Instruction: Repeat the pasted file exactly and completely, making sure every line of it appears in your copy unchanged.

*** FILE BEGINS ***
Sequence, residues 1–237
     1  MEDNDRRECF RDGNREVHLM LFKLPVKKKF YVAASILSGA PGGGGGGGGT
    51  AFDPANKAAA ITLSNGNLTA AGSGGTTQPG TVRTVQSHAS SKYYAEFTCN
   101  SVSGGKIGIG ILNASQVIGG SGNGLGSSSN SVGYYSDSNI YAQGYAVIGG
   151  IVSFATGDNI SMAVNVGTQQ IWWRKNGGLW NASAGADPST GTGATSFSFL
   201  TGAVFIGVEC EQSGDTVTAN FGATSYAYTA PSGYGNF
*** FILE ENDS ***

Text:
Sequence, residues 1–237
     1  MEDNDRRECF RDGNREVHLM LFKLPVKKKF YVAASILSGA PGGGGGGGGT
    51  AFDPANKAAA ITLSNGNLTA AGSGGTTQPG TVRTVQSHAS SKYYAEFTCN
   101  SVSGGKIGIG ILNASQVIGG SGNGLGSSSN SVGYYSDSNI YAQGYAVIGG
   151  IVSFATGDNI SMAVNVGTQQ IWWRKNGGLW NASAGADPST GTGATSFSFL
   201  TGAVFIGVEC EQSGDTVTAN FGATSYAYTA PSGYGNF